Junior doctors vote for 72-hour strike in March
Health Secretary Steve Barclay accused junior doctors of being unreasonable by refusing to budge on their demand for a 35 percent pay rise.
Mr Barclay said yesterday there needs to be “movement on all sides”.
He said: “They’ve refused to move from the 35 percent. And I don’t think that is a fair and reasonable demand for them to take.
“We want to engage with them, we have been doing. It’s the junior doctors who walked away from those negotiations by calling strikes.”
Junior doctors are set to walk out for 72 hours in June after pay talks stalled. It will be the third time junior doctors in England have staged strikes this year following industrial action in March and April.
The Health Secretary insisted the government had already improved its pay offer from what was originally recommended by the independent pay review body.
Ministers offered a five percent pay rise but Dr Vivek Trivedi, who co-chairs the British Medical Association Junior Doctors Committee, said this would amount to “a massive real-terms pay cut” because of rising prices.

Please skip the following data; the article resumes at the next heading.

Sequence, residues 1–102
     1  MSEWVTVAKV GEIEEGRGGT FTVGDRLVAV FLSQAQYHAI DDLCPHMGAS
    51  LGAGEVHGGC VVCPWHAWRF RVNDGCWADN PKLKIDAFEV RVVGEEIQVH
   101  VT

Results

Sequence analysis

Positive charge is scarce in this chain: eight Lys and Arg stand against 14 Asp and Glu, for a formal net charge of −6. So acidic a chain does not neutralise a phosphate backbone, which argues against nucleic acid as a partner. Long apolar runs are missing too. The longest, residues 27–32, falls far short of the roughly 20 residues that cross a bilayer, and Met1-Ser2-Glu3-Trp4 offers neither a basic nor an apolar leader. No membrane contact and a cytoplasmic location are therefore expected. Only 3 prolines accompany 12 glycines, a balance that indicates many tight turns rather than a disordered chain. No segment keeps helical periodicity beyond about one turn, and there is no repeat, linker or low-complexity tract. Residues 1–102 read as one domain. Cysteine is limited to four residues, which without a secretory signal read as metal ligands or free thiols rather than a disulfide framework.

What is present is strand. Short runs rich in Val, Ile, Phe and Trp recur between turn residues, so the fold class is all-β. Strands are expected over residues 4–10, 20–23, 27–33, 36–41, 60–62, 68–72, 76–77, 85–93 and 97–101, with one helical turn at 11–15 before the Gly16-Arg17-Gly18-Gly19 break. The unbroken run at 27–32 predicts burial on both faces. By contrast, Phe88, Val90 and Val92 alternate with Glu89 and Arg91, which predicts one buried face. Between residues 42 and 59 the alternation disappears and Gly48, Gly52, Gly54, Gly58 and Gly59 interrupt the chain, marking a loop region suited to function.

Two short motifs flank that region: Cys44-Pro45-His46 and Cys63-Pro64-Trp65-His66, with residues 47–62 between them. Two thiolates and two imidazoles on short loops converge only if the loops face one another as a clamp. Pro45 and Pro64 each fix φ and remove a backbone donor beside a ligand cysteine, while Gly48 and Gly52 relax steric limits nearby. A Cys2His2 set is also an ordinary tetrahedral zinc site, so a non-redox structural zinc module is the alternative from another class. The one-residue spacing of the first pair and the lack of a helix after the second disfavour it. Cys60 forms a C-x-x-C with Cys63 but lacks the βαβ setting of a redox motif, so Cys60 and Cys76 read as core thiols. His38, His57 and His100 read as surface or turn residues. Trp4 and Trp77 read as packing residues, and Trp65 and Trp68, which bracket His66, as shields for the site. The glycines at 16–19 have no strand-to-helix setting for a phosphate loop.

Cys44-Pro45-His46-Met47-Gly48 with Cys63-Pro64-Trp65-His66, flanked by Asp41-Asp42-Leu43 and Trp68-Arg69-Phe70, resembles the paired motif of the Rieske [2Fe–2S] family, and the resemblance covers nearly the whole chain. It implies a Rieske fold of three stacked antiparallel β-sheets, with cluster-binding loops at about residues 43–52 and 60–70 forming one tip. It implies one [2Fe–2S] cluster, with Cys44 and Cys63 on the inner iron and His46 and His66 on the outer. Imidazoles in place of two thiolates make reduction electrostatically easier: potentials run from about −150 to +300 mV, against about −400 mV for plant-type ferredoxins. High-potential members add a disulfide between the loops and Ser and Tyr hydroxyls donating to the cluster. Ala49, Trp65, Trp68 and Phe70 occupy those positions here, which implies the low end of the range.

He said: “It was clear that after the government offered us their five percent…They were the ones who wouldn’t budge.”
Discussing resolving the dispute, Dr Trivedi said: “We’re eager and ready to get back to the negotiating table. The Government are refusing to meet us there.
“We have budged and are very happy to explore ways to fully restore our doctor’s pay and we’ve come up with a variety of proposals to do that.”
The BMA says junior doctors have seen pay cut by 26 percent since 2008 once inflation – the rate prices are rising – is considered.
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Dr Trivedi said a pay offer which did not reverse this trajectory “would not be fair or reasonable”.
Mr Barclay said he will not renegotiate pay with nurses, adding it would not be “legally possible”.
The Royal College of Nursing is balloting almost 30,000 members on whether to take further strike action.
Mr Barclay said they “had a very constructive meeting this week” – but described what was offered previously and accepted by the NHS Staff Council as a “full and final” offer.
This offer amounted to a five percent pay rise, plus a cash top-up.
Mr Barclay said: “It means a band six, entry-level nurse gets over £5,000 over the two years.
“It’s not possible to give a band six nurse different pay to a band six midwife or a band six paramedic.”
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